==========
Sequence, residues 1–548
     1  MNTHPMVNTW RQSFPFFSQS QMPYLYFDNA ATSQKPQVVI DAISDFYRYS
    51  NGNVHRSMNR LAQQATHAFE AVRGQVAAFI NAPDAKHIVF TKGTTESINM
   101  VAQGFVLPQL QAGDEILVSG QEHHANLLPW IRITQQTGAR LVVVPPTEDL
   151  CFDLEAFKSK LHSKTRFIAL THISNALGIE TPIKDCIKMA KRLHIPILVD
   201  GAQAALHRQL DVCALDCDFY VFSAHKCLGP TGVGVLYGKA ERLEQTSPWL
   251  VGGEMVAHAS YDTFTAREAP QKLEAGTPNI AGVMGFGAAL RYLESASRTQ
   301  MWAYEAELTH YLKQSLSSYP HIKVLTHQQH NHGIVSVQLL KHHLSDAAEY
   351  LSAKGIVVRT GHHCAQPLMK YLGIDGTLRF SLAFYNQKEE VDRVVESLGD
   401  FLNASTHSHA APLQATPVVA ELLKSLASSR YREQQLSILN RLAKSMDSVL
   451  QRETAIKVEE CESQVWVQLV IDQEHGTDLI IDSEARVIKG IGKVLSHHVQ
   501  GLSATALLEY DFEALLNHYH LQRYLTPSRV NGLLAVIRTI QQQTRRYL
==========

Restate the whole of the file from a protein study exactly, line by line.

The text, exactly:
Sequence, residues 1–548
     1  MNTHPMVNTW RQSFPFFSQS QMPYLYFDNA ATSQKPQVVI DAISDFYRYS
    51  NGNVHRSMNR LAQQATHAFE AVRGQVAAFI NAPDAKHIVF TKGTTESINM
   101  VAQGFVLPQL QAGDEILVSG QEHHANLLPW IRITQQTGAR LVVVPPTEDL
   151  CFDLEAFKSK LHSKTRFIAL THISNALGIE TPIKDCIKMA KRLHIPILVD
   201  GAQAALHRQL DVCALDCDFY VFSAHKCLGP TGVGVLYGKA ERLEQTSPWL
   251  VGGEMVAHAS YDTFTAREAP QKLEAGTPNI AGVMGFGAAL RYLESASRTQ
   301  MWAYEAELTH YLKQSLSSYP HIKVLTHQQH NHGIVSVQLL KHHLSDAAEY
   351  LSAKGIVVRT GHHCAQPLMK YLGIDGTLRF SLAFYNQKEE VDRVVESLGD
   401  FLNASTHSHA APLQATPVVA ELLKSLASSR YREQQLSILN RLAKSMDSVL
   451  QRETAIKVEE CESQVWVQLV IDQEHGTDLI IDSEARVIKG IGKVLSHHVQ
   501  GLSATALLEY DFEALLNHYH LQRYLTPSRV NGLLAVIRTI QQQTRRYL